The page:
LONDON — With British Prime Minister Boris Johnson out of the hospital, and slowly recovering from the coronavirus, and hopes for a lockdown easing next month, there is a fragile feeling of optimism in the air.
Adding to that is a scenario, mapped out by the U.K. Office for Budget Responsibility, that sees the British economy contracting 35 percent during lockdown in the second quarter and a bounce back in the third quarter with “no lasting economic hit.”
As always, timing will be everything.
The OBR is a watchdog that looks to provide independent analysis of the U.K.’s public finances. On Tuesday, it sketched out its hypothetical scenario, and said that while the immediate cost of the government’s actions may be high, “we can be confident that the cost of inaction would ultimately have been much higher.”
As reported, the British government has come up with a fiscal rescue package of 350 billion pounds aimed at helping businesses and individuals through the crisis. It includes plans to pay furloughed workers 80 percent of their salaries if companies promise not to lay them off. The government has also promised to pay 80 percent of the profits of the self-employed.
The OBR’s report said the net effect of the coronavirus impact and the U.K.’s policy response is likely to result in “a sharp (but largely temporary) increase in government borrowing” that will leave public sector debt permanently higher as a share of GDP, but still at a reasonably comfortable level.
If the lockdown lasts longer than three months, it is likely the economy’s future potential output will be “scarred, thanks to business failures, canceled investments and the unemployed becoming disconnected from the labor market.”
The optimistic second-quarter scenario also sees unemployment rising by more than 2 million to 10 percent, and declining more slowly than GDP recovers, with government policies “supporting households through the shock.”
During the daily government media conference, Britain’s Chancellor of the Exchequer Rishi Sunak responded to the findings of the OBR.
“Our economy is going to take a significant hit, but the measures we have put in place, such as the furlough scheme, can mitigate the short-term impact on the economy. We can bounce back as early as possible. It will be difficult in the short term, but we can get our lives and the economy back to normal,” said Sunak, adding that the aim is to get businesses moving again, as soon as possible.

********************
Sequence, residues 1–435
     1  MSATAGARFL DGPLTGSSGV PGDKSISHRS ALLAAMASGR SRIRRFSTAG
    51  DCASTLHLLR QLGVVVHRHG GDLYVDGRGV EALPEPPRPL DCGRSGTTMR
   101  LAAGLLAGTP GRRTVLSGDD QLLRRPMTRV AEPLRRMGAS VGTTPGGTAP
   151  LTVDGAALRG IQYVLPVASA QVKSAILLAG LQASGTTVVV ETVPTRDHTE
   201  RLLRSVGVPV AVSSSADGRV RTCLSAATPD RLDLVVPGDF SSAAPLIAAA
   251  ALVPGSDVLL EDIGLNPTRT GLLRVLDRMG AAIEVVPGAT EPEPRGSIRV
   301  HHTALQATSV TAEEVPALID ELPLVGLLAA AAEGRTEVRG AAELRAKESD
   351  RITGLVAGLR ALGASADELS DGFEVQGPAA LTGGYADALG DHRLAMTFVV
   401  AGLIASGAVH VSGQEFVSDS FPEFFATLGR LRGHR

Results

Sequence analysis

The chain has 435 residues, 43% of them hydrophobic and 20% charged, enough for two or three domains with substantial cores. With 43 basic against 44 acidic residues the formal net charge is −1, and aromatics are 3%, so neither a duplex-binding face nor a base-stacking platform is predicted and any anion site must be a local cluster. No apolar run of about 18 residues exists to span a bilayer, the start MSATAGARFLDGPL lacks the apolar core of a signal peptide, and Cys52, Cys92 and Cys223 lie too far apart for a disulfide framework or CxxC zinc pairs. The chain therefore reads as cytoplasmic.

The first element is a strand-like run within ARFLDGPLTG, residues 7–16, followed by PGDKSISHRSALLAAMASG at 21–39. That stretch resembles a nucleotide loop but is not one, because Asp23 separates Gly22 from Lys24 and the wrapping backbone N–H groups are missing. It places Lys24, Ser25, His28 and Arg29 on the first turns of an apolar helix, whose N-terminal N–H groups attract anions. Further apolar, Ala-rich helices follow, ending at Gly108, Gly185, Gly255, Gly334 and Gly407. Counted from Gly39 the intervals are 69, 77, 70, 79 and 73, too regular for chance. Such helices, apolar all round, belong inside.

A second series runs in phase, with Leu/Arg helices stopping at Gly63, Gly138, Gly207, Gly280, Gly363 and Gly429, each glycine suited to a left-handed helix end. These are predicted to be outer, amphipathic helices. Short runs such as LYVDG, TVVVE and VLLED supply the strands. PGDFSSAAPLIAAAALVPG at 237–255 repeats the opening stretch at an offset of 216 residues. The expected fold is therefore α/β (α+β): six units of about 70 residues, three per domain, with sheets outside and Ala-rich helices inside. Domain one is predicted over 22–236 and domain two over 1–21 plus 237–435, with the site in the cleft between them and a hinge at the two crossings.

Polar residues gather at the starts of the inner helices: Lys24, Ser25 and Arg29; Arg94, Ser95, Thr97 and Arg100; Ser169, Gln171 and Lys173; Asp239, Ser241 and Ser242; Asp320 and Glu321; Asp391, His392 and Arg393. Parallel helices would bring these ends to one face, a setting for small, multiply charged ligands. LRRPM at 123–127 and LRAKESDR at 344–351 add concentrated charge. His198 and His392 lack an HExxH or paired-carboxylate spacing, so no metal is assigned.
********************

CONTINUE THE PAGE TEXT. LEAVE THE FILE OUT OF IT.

He said that local governments had already begun to administer government grants to businesses, while “millions of pounds are going out the door” in bank loans. The furlough scheme should be active within days, he added. “The best way out is to grow the economy and keep as much [activity] as possible intact.”
Sunak added that while COVID-19 would have “serious implications for the economy,” the most important thing right now is to protect the health of the people, and the ability of the National Health Service to cope with the illness.
Asked about Brexit, Sunak reiterated that the U.K. is committed to its timeline for trade negotiations with the European Union and will leave the bloc for good, with or without a trade deal, on Dec. 31, as planned. He said that trade talks with the EU are continuing via video conferences and legal agreements are being signed, “and we’re hopeful we can continue” to negotiate.
The OBR published its scenario within hours of the International Monetary Fund’s releasing its projection that the U.K. economy would contract by 6.5 percent in 2020, compared with its January forecast of 1.4 percent GDP growth.
The IMF said the global economy would drop by 3 percent this year in the worst economic crisis since the Great Depression of the last century. The IMF added that all major economies will fall into recession this year, with global growth rebounding to 5.8 percent in 2021, if countries manage to bring the pandemic under control in the second half of 2020.